Transgender voices in reproductive healthcare: Cazembe Murphy Jackson

The importance of transgender voices

The fight for reproductive health is a long and ongoing one. Roe v. Wade, the Supreme Court ruling giving Americans control over when or if they have children, has been under constant attack since becoming law in 1973. Additionally the loudest voices around reproductive health and justice have been exclusively cisgender, female, and white. 

Cazembe Murphy Jackson is none of these things, and that’s even more of a reason why he wants to tell his story to as many people as he can. Jackson is Black transgender man who is a community organizer, writer, and reproductive health advocate for everyone who can get pregnant.  

His story of reproductive health

On “We Testify: Our Abortion Stories” Jackson describes his experience with abortion. 

“I was 21 years old and a junior in college when I had my abortion. After surviving a rape that ended in an unwanted pregnancy, I went to a Planned Parenthood in my hometown to get an abortion. My family was supportive of my decision because of the circumstances surrounding the pregnancy. I’m committed to making sure all people can have a good experience having an abortion, regardless of their reason.”

Jackson explains further in an extension of his abortion story on the fact that often times abortion access and reproductive health are seen as “women’s issues” which erases the existence and experience of transgender, nonbinary, and gendernonconforming people who need access to abortions as well. 

What motivates him to speak out

Jackson also interviewed with NowNowNext, expanding on what motivated him to speak out not only about his experience, but the need for more inclusive dialogue in reproductive health.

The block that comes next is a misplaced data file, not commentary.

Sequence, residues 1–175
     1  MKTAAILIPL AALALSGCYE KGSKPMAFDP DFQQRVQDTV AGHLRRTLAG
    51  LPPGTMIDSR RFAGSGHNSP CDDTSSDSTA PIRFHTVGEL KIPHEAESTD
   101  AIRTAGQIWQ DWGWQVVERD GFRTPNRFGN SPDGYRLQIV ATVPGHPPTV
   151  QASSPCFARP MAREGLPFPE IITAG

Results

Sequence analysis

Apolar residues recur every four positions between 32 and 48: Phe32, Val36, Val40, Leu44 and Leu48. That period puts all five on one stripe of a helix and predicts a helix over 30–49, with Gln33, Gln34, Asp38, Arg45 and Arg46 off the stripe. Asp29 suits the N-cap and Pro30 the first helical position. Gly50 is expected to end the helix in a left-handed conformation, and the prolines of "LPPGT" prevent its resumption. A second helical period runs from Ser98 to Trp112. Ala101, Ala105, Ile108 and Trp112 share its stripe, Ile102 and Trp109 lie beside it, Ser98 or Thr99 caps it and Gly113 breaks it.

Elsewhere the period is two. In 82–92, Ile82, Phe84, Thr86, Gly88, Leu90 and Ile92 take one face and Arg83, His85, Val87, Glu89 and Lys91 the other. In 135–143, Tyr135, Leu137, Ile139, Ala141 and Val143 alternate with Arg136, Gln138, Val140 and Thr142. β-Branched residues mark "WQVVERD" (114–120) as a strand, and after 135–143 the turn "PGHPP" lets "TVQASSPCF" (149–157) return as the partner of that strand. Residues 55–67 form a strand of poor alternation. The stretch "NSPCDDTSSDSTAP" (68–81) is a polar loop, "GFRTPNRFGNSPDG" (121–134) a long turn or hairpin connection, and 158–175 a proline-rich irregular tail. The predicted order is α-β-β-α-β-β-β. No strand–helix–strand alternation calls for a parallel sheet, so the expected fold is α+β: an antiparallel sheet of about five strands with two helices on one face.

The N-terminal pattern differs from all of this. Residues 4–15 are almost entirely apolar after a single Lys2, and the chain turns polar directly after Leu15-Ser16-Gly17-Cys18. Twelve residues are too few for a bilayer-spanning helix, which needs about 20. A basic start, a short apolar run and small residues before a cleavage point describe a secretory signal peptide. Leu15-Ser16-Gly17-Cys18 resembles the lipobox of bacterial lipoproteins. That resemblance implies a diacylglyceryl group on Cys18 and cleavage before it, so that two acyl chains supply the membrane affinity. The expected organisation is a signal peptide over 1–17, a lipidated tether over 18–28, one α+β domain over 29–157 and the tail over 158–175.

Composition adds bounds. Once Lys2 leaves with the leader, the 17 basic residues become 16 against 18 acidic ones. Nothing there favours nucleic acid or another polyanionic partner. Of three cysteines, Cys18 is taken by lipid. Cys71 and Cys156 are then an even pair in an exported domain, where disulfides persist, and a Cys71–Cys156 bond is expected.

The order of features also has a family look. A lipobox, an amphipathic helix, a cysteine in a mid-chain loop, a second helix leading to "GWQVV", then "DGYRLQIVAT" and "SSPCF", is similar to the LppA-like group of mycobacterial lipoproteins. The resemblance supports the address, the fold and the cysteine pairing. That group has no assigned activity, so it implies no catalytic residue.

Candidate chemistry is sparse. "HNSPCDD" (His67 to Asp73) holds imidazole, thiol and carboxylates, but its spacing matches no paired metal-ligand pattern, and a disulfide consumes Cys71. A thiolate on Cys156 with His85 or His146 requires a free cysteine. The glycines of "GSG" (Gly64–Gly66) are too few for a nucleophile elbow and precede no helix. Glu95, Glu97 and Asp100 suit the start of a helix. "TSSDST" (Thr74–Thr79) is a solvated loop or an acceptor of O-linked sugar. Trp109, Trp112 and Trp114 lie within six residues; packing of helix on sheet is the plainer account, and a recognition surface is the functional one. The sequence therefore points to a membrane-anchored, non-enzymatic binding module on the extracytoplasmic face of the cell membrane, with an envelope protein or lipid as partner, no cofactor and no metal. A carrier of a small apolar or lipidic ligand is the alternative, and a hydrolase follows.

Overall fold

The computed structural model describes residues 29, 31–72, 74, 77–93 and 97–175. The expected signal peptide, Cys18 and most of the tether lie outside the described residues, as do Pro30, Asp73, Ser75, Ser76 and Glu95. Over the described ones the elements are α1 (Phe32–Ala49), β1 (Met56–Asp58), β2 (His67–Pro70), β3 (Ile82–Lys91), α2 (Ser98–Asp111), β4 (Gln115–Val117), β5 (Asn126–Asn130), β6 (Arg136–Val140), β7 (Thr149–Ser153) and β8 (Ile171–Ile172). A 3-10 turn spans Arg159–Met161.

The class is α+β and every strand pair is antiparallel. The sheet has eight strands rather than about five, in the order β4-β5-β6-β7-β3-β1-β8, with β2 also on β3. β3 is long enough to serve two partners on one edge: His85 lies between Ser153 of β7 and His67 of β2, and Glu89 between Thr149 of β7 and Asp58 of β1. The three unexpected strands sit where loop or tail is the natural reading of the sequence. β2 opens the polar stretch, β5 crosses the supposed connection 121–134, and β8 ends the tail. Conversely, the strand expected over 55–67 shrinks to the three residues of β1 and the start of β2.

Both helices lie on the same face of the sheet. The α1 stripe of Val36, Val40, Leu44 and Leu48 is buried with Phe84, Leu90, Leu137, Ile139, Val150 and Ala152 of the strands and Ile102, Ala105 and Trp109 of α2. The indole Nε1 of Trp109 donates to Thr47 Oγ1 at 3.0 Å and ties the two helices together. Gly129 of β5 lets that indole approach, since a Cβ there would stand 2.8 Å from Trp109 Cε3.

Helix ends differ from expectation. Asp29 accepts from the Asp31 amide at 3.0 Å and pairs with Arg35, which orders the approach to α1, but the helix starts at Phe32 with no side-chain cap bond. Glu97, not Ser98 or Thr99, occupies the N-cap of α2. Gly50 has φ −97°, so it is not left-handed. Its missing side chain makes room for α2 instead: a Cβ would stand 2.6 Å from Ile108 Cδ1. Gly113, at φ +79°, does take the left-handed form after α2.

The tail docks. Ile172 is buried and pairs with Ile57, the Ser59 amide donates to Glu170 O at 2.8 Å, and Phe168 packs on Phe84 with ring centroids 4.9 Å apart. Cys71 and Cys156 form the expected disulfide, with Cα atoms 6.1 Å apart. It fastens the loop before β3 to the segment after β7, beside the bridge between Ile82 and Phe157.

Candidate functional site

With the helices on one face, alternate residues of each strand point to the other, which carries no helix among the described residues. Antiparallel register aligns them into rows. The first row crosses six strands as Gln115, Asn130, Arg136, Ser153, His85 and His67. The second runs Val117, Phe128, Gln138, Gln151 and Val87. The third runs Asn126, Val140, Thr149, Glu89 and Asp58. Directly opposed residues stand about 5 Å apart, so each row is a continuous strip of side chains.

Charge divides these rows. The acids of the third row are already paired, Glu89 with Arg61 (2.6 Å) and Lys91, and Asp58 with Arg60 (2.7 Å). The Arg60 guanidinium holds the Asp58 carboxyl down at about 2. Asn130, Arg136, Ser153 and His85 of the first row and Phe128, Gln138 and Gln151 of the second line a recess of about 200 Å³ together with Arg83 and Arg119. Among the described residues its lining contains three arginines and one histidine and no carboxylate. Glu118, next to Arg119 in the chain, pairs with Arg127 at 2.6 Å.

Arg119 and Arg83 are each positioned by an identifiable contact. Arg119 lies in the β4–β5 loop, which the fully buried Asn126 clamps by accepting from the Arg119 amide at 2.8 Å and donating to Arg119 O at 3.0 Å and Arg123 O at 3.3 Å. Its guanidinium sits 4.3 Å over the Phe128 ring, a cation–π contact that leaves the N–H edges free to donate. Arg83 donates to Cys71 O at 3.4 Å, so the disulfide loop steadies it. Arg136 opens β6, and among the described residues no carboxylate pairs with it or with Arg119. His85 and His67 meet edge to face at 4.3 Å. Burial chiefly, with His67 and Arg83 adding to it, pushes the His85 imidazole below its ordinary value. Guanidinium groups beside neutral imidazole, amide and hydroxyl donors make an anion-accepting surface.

“The thing that motivated me to tell my story—beyond just having had an abortion—is that I want to help amplify the voices of trans-masculine and other nonbinary folks who also need access to abortion and other kinds of family planning. I think it’s important for us to see ourselves represented in the reproductive justice movement, since oftentimes you only hear about women. Everyone that has the ability to create and terminate pregnancies should feel welcome, whether we identify as women or not.”

Jackson goes on to explain that he suffered from depression as a result of the assault, and that his abortion probably saved his life. For many nonbinary and transmasculine people, pregnancy can be extremely dysphoric. It can feel like one’s own body is screaming their assigned gender at birth at them, reiterating that your body is not your own, and you are not who you think you are. 

The work Jackson and many other transgender reproductive health activists are doing is extremely important. Not only does it expand the cultural narrative on who can get pregnant, it shows other transmasculine and nonbinary people that reproductive health is for them as well. The healthier our communities are, the stronger they are. The stronger our communities are, the more good we can continue to do to help the community at large and continue to fight for the justice of all peoples.

If you like this post, check out others in “Our Shared Stories.”

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